Q&A on the PARTNER Study: How to Interpret the Zero Transmission Results
July 12, 2016
The following Q&A are linked to the PARTNER study that was published in the Journal of the American Medical Association (JAMA) on 12th July 2016 with full free access. The technical report of this study in HTB is here.
What is the PARTNER study?
Who was enrolled?
The study enrolled 1166 couples where one partner was HIV positive and on ART, and the other was HIV negative. In order to join the study, couples had to already be having sex without condoms.
The study enrolled both gay and straight couples and the average age was about 40 years old.
How long had the couples been having sex without condoms?
There was an interesting range of time that couples had already not been using condoms.
On average this was roughly:
The IQR in brackets refers to the range for the middle 50% of each group.
So 25% of gay couples had been having condomless sex for less than 6 months.
Similarly, 25% of straight couples where the man was positive had been having condomless sex from more than 11 years.
How long had the positive partners been on ART?
This time was thought to be important because the longer someone is on treatment, the lower viral load is likely to be.
Also, the longer someone has had an undetectable viral load, the lower the risk of viral rebound.
Again there were differences with each group and between groups.
HIV positive partners had been on ART for approximately:
When did the study run?
Enrolment took place between September 2010 and May 2014.
Early results were presented in February 2014 before the end of the study.
These final results were published in July 2016.
An extension of the PARTNER study called PARTNER 2 is continuing in gay men. This is to get an equivalent amount of data for gay men as for straight couples.
Where did the study take place?
This was a European study at 75 centres in 14 countries. These countries and centres are listed on the PARTNER website.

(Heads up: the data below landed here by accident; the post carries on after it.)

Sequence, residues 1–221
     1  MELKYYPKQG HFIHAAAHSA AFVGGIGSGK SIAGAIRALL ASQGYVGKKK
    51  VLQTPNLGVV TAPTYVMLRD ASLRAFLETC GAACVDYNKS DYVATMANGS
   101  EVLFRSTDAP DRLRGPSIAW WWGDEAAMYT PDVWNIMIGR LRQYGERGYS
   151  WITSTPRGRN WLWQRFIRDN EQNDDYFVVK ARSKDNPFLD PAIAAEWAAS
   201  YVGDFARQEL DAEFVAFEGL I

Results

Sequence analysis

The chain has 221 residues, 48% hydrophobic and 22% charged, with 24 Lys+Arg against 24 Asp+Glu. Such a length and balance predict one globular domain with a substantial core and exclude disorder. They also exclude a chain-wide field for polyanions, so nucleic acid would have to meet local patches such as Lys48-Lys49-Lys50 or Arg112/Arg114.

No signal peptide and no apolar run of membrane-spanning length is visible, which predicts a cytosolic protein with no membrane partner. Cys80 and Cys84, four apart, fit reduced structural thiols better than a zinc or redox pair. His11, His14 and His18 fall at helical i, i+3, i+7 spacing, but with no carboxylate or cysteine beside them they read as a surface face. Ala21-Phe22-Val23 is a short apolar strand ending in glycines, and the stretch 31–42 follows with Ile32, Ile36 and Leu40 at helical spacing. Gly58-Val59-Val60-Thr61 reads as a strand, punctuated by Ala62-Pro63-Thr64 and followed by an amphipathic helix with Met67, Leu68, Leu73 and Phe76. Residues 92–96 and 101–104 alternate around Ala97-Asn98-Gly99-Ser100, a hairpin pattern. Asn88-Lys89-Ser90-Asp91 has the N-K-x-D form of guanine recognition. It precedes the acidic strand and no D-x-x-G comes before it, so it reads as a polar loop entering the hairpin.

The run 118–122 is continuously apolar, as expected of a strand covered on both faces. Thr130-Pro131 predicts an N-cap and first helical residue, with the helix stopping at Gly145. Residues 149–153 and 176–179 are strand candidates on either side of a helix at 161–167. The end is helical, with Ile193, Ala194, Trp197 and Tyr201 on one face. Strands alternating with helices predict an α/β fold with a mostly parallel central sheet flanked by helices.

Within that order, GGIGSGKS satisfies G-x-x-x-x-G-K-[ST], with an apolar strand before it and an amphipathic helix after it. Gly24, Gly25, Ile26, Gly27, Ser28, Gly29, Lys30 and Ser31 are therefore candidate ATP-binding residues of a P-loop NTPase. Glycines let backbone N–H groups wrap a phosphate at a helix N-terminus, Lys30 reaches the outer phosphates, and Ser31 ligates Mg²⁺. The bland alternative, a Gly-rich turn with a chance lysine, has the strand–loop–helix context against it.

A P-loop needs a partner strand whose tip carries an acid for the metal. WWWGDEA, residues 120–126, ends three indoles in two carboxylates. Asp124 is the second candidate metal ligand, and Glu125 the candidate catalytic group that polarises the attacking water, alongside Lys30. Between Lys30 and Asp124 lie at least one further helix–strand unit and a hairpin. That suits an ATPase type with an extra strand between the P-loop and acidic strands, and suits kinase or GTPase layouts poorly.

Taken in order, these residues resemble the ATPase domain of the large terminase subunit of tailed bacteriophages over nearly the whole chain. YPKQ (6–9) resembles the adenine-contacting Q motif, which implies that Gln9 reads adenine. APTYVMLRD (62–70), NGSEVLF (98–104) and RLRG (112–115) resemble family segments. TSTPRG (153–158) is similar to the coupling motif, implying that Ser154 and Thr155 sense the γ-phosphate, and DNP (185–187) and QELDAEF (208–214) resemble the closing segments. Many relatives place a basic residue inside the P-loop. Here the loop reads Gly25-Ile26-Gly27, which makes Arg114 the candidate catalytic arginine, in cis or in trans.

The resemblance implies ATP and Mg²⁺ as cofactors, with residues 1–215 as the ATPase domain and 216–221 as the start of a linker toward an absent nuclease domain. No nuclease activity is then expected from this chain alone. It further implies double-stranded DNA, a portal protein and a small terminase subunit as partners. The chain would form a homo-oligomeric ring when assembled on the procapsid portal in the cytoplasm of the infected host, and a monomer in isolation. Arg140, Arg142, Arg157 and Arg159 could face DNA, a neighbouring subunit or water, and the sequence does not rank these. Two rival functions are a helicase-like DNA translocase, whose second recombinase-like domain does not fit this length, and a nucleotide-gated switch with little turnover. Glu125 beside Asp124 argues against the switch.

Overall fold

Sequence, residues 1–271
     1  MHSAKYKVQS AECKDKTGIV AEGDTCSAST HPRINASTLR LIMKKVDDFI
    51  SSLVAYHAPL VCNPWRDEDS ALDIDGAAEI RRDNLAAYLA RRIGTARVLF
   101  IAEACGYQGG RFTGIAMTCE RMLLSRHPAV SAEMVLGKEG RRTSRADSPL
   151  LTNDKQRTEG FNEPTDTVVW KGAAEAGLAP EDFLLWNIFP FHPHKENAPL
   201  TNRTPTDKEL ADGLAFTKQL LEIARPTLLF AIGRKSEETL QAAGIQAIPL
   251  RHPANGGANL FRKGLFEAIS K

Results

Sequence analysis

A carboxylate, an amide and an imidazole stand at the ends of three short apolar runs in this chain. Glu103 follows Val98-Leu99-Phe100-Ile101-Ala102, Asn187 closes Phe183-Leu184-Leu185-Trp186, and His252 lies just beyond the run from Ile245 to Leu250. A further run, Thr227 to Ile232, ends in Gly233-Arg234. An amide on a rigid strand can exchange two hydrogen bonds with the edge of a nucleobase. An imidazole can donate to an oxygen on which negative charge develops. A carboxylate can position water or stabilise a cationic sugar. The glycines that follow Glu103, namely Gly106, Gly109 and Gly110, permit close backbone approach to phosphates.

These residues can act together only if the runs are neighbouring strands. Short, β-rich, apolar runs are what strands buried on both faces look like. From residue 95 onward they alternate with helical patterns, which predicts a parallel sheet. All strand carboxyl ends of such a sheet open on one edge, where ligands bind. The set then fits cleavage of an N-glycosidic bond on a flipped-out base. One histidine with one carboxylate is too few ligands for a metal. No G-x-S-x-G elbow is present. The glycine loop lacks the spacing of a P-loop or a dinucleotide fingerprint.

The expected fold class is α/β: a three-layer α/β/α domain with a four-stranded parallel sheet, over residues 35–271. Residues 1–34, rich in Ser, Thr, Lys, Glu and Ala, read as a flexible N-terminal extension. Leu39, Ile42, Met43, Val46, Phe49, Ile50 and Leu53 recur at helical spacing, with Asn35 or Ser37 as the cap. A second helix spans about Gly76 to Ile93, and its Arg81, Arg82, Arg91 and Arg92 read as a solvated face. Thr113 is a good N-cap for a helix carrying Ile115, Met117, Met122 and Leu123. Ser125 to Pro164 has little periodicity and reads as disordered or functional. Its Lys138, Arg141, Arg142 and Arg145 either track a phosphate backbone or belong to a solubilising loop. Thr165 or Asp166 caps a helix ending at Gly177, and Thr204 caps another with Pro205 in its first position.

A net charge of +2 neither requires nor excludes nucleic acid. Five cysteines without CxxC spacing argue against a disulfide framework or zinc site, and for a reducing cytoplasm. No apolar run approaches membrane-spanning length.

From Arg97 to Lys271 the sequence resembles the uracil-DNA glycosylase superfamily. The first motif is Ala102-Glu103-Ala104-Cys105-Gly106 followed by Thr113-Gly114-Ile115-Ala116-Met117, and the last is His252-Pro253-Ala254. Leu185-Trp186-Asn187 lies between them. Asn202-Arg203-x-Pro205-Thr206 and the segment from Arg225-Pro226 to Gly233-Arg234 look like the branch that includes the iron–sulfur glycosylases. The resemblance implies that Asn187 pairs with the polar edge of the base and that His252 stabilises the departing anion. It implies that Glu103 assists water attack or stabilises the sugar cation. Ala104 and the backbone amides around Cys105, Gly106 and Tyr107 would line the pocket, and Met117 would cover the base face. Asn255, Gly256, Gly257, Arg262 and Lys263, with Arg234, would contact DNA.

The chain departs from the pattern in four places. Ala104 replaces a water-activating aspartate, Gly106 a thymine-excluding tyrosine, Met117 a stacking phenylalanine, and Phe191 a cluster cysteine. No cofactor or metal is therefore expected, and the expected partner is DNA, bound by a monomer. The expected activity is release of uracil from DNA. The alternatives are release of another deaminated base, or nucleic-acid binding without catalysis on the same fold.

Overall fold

PARTNER 2 is still enrolling gay couples.
What were the main PARTNER study results?
The main results were that there were no linked HIV transmissions from the HIV positive to the negative partner. This was after about 58,000 times when couples had sex without using condoms.
To be included in the results, viral load had to be undetectable at the most recent test. Undetectable in this study was defined as being less than 200 copies/mL.
The results were not affected even with other STIs, They were not affected by likely viral load blips between viral load tests.
How does the study know about these risks?
Everyone in the study also provided detailed diaries about their sex lives.
This meant that the study could look at different types of risk.
For example, we have a good idea of how many times this included anal sex and vaginal sex with ejaculation by the positive partner. These are the highest sexual risks.
What is new about the published results?
Early results from PARTNER were presented at a conference in 2014.
The new results include more follow up -- now with approximately 58,000 times that participants in the study had sex without condoms (compared to 45,000 in the 2014 report).
The results have also now been extensively reviewed by other experts. The results have been published in one of the world's leading medical journals.
The study still reports zero linked transmissions.
What is special about the PARTNER study compared to other transmission studies?
Most other studies only reported relative risks -- for example comparing the risk from being on ART compared to not being on ART.
PARTNER was able to estimate actual risks for different types of sex
Importantly, all risks are estimates to be zero -- even for highest risks when the positive partner comes inside the negative partner.
This is after approximately 58,000 when couples had sex without condoms.
How many people became positive from their partner?
Zero. There were no transmissions within couples when viral load was undetectable.
Were there other HIV transmissions?
Yes, 11 people did become HIV positive during the study (ten gay men and one heterosexual). In nearly all these cases, the person said that they had sex with another person other than their main partner.
Approximately 33% of gay couples and 4% of straight couples were in open relationships.
Importantly, none of these transmissions were linked to their HIV positive partner.
This article was provided by HIV i-Base. Visit HIV i-Base's website to find out more about their activities, publications and services.
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